How To Pick The Right Cello Size

It’s very important to pick the right cello size so that practicing and learning the instrument will be enjoyable.  The larger the cello means the larger the distance between fingered notes on the strings.  The wrong instrument will make it difficult to play comfortably using proper technique and hand positioning.

Cello sizes are notated as fractions.  The ones listed below are the most common, although, cellos can be made in many different size options.
 1/8 size,   1/4 size,   1/2 size,   3/4 size,   4/4 size

There are a few common methods used to determine the correct cello size for a student.

Using a Cello
This is a method to use if you have different sizes at your disposal that you want to try out.  First, you want to sit straight in a chair with your feet flat on the floor and your knees bent at a 90 degree angle.  Release the end pin and rest the cello against your body in playing position.  While in this position, check for the following:

  1. Your left knee should be touching the curve below the lower bout.
  2. There should be a few inches of clearance between your shoulder and the neck of the cello.
  3. The C string peg should be near your left ear.
  4. The upper rim of the cello should be resting in the center of your chest (breast bone).
By Age
The age/size recommendations are based on the average heights and arm spans for each age group.
4-6 years old      —>  1/8 size
5-7 years old      —>  1/4 size
7-11 years old    —>  1/2 size
11-15 years old  —>  3/4 size
15 and Older      —>  4/4 size


Body  Measurements (arms/height)
I think that matching your specific height/span measurements is the more precise and best place to start. After consulting the charts below, the next step should be to try the suggested cello size in person to make sure that it really is the right fit for you.  These charts are from the website
Measurement charts show the most comfortable cello size based on three of your body measurements:  Height, Arm Length and Finger Span.
Cello Height Measuring ChartCello Arm Length Measuring ChartCello Finger Span Measuring Chart

You may also find these links helpful:
Music Terms and Symbols For Cellists
Vibrato For Beginning Cellists
Parts of The Cello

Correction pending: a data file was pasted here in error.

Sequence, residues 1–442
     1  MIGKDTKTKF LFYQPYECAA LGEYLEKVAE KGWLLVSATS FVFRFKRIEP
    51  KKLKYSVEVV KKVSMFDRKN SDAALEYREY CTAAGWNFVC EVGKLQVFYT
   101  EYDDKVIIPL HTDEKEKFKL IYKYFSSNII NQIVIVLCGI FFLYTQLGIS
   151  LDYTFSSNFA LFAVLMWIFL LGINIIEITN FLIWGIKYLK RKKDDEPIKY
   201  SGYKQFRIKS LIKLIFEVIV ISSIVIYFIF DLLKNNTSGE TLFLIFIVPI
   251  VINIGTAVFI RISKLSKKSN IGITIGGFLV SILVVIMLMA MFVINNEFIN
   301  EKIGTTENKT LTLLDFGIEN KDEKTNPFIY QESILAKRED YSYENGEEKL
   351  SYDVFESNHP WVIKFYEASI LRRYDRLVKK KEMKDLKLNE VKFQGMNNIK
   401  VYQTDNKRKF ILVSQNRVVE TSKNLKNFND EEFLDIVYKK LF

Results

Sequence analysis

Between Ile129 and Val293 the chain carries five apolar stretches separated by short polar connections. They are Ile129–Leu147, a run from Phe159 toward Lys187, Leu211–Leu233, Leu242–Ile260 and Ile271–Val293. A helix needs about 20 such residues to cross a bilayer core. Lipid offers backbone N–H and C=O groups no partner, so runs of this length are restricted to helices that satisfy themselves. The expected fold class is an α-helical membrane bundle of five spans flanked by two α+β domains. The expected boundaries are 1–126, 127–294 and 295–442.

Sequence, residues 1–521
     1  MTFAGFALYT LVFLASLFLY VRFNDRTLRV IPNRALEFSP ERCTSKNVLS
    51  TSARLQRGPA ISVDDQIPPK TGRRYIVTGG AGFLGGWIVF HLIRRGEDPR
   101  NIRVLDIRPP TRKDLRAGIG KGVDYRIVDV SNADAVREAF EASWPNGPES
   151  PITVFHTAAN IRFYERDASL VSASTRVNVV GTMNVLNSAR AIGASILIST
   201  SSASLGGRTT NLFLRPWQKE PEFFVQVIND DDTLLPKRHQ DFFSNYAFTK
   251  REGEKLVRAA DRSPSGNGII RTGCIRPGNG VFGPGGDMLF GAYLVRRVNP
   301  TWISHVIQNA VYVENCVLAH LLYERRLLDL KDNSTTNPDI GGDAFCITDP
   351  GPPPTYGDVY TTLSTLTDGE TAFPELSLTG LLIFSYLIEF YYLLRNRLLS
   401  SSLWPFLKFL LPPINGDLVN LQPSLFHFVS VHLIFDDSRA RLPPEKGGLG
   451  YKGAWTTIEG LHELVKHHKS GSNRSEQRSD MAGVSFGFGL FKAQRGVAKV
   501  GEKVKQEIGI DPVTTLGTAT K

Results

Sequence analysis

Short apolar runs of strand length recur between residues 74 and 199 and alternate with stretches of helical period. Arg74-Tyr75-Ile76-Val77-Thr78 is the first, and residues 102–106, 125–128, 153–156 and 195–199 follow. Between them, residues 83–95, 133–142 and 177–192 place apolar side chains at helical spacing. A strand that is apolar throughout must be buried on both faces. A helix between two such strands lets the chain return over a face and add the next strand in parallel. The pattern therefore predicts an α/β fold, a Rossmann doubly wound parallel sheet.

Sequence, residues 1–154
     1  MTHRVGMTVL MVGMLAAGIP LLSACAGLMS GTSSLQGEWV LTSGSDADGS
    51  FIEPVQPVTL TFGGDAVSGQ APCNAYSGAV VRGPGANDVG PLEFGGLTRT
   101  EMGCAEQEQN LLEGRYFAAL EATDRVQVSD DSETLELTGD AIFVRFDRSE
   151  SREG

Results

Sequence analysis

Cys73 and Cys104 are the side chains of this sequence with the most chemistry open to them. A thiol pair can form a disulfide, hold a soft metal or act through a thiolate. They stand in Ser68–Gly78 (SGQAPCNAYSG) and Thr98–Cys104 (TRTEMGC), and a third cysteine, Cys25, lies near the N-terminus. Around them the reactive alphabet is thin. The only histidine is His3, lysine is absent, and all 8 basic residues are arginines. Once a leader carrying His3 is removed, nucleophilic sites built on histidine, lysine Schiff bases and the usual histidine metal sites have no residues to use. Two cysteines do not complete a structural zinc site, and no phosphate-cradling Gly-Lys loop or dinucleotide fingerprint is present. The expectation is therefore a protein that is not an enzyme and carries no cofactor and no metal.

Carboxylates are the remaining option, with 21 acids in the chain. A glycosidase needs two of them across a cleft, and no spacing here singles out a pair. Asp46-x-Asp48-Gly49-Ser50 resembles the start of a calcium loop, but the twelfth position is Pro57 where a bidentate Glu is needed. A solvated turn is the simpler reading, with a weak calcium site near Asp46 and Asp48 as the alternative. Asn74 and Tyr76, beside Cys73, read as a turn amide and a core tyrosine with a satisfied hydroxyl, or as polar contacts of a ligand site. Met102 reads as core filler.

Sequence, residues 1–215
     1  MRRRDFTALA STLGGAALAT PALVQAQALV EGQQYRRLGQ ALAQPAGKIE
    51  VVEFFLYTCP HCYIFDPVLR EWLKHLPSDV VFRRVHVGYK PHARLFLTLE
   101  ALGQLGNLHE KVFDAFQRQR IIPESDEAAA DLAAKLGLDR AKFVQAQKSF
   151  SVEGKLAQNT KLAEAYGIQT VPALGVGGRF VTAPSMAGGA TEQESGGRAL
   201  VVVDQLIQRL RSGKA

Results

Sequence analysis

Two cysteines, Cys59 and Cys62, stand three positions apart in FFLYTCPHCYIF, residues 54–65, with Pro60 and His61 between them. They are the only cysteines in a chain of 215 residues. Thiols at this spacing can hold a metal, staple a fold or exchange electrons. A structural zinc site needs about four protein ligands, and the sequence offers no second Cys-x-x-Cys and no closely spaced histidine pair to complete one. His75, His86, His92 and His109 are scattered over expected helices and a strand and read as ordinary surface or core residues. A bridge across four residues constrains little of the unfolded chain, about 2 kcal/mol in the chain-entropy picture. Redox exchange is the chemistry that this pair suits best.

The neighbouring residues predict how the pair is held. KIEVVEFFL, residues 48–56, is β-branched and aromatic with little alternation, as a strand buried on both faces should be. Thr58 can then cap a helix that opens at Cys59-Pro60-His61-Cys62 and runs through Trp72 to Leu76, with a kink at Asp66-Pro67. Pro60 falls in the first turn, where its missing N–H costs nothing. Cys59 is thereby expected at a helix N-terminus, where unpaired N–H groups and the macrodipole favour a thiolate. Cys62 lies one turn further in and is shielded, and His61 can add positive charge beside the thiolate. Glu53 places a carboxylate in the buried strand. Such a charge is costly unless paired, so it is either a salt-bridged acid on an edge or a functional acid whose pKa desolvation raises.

Parts of The Bow
1st Position Cello Fingering Chart

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How To Handle Your Performance Anxiety

Most musicians who perform live in front of audiences will tell you that at some point in their careers, they have had to deal with performance anxiety and sometimes crippling stage fright. I had a very interesting personal experience a few months ago while performing background music at an event. These are the types of gigs that I never get nervous about, but for this particular job, I had a whole new set of custom arrangements that I had never performed in public before. Much to my amusement, I started feeling the little flutter in my stomach which is my tell-tale sign of performance jitters. It made me sympathize even more with what my students go through at every one of their recitals.

Below are a few tips and techniques that have helped me to effectively cope with and overcome the debilitating effects of performance anxiety. I’ve found that if I actively and consistently practice my set of responses to my anxiety, then I feel more calm and confident on performance day. I’m also less likely to have any memory slips.

Practice well and very thoroughly.
This should go without saying, but it’s very important to stress the significance of preparing and knowing your music well. If you come to your performance knowing that there are certain passages that you haven’t mastered in your music, it will feed into and intensify any negative nervous thoughts that may already be racing through your head.

Do a mock performance (or performances) before the BIG performance.
Gather your family, friends and strangers for a rehearsal sit in. Since everyone’s response to performance stress isn’t exactly the same, this would be the time to focus on how anxiety manifests itself for you:

  • Do you have excessive negative thoughts?
  • Do you have physical symptoms?
  • Are you panicked and looking for the nearest exit?

Don’t try to suppress what you’re feeling. Allow yourself to give a voice to your feelings of angst and pay attention to the physical sensations going on throughout your entire body.

Take the time to reflect after each practice performance.
Think back to how you felt before, during and after you played. Recap for yourself the thoughts that were running through your mind. It’s probably a good idea to write them down. I know that for me, things become more clear and real when I write. Try to relive the moment when your hands started to sweat profusely, when your stomach started twisting into knots, when you felt light headed or when you experienced any other physical ailment.

After you have given yourself the chance to revisit and digest everything that you thought and felt, try countering each specific negative thought with a positive, rational and healthy one. Keep doing this reflection exercise everyday until you have trained yourself to have a different, much better response to anxiety.

I hope that this blog has been of interest and/or helpful to you. I welcome any comments or other suggestions on the subject matter.

You may also find these links helpful:
Piano Practice Tips For Intermediate & Advanced Music
Cello Practice Tips For Intermediate & Advanced Music


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